By Robert Duiveman
Both researchers and politicians frequently claim that the interactions between science and public policy need reform and improvement: an agenda actualized by people all over the world by engaging in new collaborative knowledge practices. But a closer relationship doesn’t necessarily equal a better one; it depends on the design of the collaboration as well as the choices made along the way.
Given the societal and scientific importance attached to new knowledge practices, there is a striking lack of insight into what is actually done within them. There seems to be what I label a knowledge practice paradox. In order to ensure that an experimental collaborative knowledge practice gets its results accepted and implemented ‘in real world circumstances’ it needs to be presented as scientifically sound, politically adroit and deliberatively legitimized.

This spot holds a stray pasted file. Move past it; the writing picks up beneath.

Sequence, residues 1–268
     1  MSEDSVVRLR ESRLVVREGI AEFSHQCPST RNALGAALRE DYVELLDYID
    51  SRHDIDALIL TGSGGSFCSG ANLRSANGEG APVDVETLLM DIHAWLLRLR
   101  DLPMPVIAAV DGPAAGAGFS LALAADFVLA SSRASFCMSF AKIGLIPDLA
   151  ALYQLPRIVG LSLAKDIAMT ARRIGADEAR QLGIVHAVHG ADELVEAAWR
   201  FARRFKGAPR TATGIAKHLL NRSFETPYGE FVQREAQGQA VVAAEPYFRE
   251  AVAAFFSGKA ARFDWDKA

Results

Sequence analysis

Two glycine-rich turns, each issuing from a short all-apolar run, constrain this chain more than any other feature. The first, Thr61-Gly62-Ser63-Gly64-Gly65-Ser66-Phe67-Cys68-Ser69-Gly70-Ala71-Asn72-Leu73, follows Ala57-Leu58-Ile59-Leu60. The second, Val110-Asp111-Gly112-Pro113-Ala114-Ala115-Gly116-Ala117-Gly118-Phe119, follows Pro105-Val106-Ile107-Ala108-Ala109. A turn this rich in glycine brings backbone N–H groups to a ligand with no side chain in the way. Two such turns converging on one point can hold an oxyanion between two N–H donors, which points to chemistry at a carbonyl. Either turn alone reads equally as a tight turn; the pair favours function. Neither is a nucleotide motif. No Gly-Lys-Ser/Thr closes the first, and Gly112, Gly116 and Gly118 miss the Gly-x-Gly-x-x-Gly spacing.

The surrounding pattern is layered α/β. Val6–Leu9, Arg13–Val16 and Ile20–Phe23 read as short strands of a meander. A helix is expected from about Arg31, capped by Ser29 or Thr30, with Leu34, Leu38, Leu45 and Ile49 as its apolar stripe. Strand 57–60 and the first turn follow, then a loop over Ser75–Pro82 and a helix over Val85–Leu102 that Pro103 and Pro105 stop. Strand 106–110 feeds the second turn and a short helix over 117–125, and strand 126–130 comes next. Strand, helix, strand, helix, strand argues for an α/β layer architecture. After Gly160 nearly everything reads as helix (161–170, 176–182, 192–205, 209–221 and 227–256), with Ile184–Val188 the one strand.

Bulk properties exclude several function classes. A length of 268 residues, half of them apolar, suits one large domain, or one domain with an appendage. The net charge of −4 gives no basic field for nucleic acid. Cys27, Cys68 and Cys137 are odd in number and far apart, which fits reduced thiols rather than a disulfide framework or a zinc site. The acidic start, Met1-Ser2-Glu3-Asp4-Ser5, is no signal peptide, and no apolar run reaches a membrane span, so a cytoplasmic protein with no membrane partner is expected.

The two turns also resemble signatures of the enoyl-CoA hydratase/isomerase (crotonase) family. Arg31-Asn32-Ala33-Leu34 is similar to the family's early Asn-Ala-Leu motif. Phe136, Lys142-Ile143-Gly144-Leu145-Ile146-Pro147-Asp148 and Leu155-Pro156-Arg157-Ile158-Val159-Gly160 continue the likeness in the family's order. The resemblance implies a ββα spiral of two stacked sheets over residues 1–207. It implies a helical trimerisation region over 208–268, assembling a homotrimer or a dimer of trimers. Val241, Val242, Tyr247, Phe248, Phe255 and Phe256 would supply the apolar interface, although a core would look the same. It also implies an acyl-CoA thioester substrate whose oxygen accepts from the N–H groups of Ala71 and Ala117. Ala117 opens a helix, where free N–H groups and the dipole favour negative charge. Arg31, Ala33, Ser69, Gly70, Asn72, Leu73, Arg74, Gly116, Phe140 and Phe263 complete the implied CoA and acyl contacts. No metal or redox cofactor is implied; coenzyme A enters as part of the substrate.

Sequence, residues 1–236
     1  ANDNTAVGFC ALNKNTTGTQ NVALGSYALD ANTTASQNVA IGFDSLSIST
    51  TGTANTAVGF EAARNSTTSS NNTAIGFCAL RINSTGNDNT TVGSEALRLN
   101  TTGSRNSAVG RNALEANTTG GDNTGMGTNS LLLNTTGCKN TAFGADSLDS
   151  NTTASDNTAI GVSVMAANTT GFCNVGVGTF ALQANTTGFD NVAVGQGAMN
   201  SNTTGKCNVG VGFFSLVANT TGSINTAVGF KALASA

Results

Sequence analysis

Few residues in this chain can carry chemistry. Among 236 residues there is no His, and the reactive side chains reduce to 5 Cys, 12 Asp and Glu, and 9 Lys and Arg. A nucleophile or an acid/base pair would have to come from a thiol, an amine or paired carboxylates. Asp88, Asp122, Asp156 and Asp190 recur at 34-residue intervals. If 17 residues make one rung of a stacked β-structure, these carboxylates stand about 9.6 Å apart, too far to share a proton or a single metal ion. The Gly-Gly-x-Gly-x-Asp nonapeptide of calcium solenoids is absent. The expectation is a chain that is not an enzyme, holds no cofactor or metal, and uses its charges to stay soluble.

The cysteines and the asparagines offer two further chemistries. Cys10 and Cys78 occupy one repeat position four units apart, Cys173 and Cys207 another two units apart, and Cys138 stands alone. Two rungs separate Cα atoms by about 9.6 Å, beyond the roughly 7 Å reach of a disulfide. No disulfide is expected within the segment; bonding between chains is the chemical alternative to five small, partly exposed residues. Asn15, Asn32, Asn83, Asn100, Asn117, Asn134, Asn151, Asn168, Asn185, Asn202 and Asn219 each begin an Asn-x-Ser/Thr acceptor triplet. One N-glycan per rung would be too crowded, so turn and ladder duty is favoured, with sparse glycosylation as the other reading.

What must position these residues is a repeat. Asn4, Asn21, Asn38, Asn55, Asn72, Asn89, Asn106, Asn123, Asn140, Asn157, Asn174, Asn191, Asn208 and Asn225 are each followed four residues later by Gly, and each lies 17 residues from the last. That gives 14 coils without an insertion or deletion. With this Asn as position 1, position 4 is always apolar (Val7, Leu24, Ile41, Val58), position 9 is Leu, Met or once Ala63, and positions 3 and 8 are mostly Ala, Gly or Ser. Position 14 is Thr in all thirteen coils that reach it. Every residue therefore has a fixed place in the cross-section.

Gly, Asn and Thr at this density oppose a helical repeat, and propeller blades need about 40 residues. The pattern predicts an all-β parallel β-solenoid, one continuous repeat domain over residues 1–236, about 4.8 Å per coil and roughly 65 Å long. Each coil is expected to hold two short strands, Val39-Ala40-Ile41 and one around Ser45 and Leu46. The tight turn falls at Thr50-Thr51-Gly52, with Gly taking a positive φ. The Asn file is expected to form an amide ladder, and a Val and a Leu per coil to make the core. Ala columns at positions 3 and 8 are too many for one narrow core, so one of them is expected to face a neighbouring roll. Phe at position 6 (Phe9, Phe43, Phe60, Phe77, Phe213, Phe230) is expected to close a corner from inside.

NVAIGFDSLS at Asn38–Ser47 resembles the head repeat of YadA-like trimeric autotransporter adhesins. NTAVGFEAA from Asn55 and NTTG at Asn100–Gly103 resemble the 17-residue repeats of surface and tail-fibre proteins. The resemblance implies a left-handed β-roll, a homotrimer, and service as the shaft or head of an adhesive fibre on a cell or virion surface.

Yet – as those involved know – research methods and design alone are usually insufficient to get there. It’s the practical wisdom (phronèsis) applied along the way that is key to real success.